Such loopholes become evident when we take the recent case of a video of a Noida girl doing striptease that has been making the rounds on the Internet. The video was distributed widely through the Net apparently after her estranged boyfriend released it.

Both are B-school students and now the police has registered a case under section 506 and 507 (threat to murder) of the IPC since the victim's family has not complained about the MMS scandal.

Why was the case not registered under the IT Act? The police version is that no complaint was made about the MMS, another fact is that the police felt that the provisions of the Act are not strong enough.

The Internet became commercially available in India in 1995 and since then, there have been only a few convictions for IT-related crimes.

In April 2001, following a complaint regarding vulgar remarks about a girl studying in Class XI and her classmates, the police in Delhi arrested a male class fellow of the girl who had made the website. The case went to the juvenile court.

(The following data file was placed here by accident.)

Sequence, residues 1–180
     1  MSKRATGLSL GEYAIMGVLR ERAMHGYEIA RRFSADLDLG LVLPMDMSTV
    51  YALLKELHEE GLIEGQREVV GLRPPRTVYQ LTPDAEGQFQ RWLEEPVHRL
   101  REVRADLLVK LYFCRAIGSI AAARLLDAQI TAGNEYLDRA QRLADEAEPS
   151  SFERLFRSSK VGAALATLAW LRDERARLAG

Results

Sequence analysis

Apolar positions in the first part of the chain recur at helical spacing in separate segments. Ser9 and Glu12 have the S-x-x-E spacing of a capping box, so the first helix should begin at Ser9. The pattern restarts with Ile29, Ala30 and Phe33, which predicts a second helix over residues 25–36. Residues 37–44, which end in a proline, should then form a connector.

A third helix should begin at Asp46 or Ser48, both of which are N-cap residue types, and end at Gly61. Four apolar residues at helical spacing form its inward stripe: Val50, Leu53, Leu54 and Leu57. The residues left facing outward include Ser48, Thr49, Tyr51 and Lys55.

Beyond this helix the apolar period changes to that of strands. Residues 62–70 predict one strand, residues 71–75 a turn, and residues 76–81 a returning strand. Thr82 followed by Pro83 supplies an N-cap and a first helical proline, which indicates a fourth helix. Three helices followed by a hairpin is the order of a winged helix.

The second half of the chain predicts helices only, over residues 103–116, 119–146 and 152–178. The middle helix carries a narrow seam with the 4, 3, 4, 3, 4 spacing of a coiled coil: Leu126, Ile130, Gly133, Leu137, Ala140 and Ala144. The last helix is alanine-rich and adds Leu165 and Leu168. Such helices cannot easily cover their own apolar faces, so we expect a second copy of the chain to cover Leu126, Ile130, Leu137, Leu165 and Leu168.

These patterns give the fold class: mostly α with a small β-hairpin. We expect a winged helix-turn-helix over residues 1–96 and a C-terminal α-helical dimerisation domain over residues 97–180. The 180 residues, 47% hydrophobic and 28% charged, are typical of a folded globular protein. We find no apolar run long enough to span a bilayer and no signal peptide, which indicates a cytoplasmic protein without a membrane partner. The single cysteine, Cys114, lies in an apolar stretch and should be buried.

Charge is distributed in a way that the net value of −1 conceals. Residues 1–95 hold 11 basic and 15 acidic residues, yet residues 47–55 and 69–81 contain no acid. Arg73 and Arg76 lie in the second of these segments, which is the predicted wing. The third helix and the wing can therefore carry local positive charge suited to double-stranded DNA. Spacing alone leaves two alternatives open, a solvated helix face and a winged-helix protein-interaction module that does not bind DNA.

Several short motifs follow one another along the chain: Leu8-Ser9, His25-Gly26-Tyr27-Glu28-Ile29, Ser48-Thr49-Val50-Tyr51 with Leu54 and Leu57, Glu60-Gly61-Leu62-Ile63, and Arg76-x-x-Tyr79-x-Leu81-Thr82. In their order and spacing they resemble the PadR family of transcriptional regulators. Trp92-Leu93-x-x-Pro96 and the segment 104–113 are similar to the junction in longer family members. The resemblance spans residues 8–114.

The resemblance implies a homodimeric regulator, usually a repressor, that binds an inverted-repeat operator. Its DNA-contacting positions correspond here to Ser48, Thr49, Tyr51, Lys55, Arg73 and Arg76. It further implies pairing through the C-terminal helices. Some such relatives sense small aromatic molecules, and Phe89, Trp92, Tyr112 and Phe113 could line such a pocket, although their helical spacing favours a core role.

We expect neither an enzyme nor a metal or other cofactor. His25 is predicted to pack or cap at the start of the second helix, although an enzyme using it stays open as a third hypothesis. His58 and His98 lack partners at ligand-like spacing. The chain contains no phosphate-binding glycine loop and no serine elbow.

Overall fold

In 2003, a person was convicted for a credit card fraud. It was the nation’s first cyber conviction through the CBI, though the IT Act was not invoked, and the man was convicted under sections 418, 419 and 420 of IPC.

The first case convicted under Section 67 of the Information Technology Act 2000 in India related to the posting of obscene messages about a woman on the Internet and resulted in the conviction, in 2004, of a spurned suitor from Mumbai.

There have been a few other convictions, but governments the world over are struggling to deal with crimes perpetuated on the Internet, and since criminals can be located far away from where the crime takes place, there are many problems of jurisdiction and geographical boundaries.